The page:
Eyes Wide Shut

For her Spring 2017 collection, the newly appointed creative director to Parisian fashion house Dior, Maria Grazia Chiuri, sent models down the runway toting a white t-shirt. In a bold black typeface, it announced ‘WE SHOULD ALL BE FEMINISTS’. The minimal design did not merely jump on the trend of the covetable fashion slogan, but also on the supposition that wokeness is a new cultural commodity. Yet, what does a t-shirt retailing at USD$710 really do, or for that matter, say about modern feminism? Largely that, along with other social movements, it is losing credibility being mired in corporatist ties and capitalist appropriation.

The image of feminism that is being marketed towards the masses is an easily digestible one – largely due to its shallow engagement with gender-related ideals. Celebrities and political figures were once too afraid to call themselves feminists are now quick to jump on board. Empowerment is having a moment. There is safety in such a statement due to the criticisms that are now levelled at those who reject such a label. Whilst a stigma still exists through a historical conflation of feminism with misandry, the dispersion of any revolutionary message wanes as it is now sold as an unattainably expensive cotton blend t-shirt. Ironically, this is itself a reflection of blind classism that has plagued the movement from its inception. Buying a t-shirt with an uninspired slogan does not reverse the harm of production. The environment will continue to suffer and the pockets of the shareholders grow fatter as they sell back to women their own mission statement. Yet, the feminist t-shirt’s incredulity is not attributable to its existence but rather its success.

Where someone like Ivanka Trump is chastised for selling out her gender, too often it is forgotten that recently lauded feminist heroes like Beyoncé Knowles and Hillary Clinton have succeeded in their push for equality through the subjugation of women alike. Perhaps, buying Knowles’ Topshop line, Ivy Park, will have you feeling ‘flawless’ and ‘so crown crown’ as the queen that you are, such messages of #feminism and empowerment!! are less digestible for the Sri Lankan workers making a mere sixty-four cents an hour in the sweatshop-like factories pumping out her activewear. The diffusion line ironically claims ‘to celebrate every woman and the body she’s in.’ Knowles deploys her thinly veiled neoliberal feminist ideology with aplomb. Selling empowerment to her avowed fans whilst profiting off, what one human rights campaigner told Broadly was “a severe case of exploitation, bordering on slavery.” Capitalist and consumerist ventures that directly exploit workers are so often forgotten in glorifying the feminist inspiration that is credited to the elite few who climb to the top of the corporate ladder. The consumer fails to realise that buying into feminism is not ethically compatible within a capitalist framework that thrives because factories producing these supposedly woke garments do not pay their workers a living wage.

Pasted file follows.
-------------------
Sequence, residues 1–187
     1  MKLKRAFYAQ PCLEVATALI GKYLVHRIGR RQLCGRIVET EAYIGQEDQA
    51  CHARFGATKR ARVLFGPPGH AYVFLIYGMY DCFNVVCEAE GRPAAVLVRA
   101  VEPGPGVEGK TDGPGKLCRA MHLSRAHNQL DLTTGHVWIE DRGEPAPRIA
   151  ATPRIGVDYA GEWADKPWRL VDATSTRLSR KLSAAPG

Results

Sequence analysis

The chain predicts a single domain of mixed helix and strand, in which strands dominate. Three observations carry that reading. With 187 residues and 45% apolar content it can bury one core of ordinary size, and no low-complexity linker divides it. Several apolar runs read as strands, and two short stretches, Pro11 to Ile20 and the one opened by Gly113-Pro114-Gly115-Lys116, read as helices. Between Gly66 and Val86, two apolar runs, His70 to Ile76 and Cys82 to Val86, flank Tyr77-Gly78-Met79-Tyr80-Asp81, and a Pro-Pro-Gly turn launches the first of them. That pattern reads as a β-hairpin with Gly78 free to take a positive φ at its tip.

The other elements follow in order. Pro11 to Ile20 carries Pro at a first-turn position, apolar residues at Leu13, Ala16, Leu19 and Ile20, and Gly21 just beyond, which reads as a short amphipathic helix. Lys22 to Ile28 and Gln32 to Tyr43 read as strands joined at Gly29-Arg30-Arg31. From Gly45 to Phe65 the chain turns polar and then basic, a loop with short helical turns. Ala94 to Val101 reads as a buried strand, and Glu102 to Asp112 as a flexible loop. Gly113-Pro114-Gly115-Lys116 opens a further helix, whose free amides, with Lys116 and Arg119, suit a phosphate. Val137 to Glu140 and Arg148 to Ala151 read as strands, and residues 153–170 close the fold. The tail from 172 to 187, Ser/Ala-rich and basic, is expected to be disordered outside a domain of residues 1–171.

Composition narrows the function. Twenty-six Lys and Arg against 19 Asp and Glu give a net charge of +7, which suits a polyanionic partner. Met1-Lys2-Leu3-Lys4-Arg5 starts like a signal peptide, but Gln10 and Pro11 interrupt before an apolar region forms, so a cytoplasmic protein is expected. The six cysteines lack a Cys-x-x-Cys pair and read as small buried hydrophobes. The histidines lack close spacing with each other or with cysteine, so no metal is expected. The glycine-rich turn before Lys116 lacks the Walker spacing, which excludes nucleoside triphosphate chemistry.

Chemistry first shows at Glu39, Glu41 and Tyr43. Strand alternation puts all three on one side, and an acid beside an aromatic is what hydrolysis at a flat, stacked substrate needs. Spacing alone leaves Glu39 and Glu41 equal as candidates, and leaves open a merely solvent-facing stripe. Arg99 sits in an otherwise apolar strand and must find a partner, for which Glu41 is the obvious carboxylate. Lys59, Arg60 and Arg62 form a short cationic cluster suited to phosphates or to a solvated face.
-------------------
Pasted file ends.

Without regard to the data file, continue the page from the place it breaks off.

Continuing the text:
Feminism should not solely be predicated upon an equality of the sexes because that largely neglects a reliance on the oppression of women for male privilege, or rather for the patriarchal fallacy under which society functions, to exist. Instead of playing the game like men, the system needs to be dismantled in order for a semblance of equality, or at least the illusion of such to be reached. Following the realisation that Obama’s election to office did not expunge America of racism, similarly Clinton’s presidency could not have been the barometer by which women’s equality and progression are measured. Her attempt to shatter the proverbial glass ceiling may have inspired and galvanised people on the path to gender equality, yet her failure to atone for questionable political inclinations were assuredly at play in Trump’s ascension. Whilst resembling American imperialism and the establishment coupled with her corporatist ties and vague sloganeering, the reality of her gender allowed a trite media (and electoral) narrative focusing on the significance of Clinton being instated as the first female president of the United States.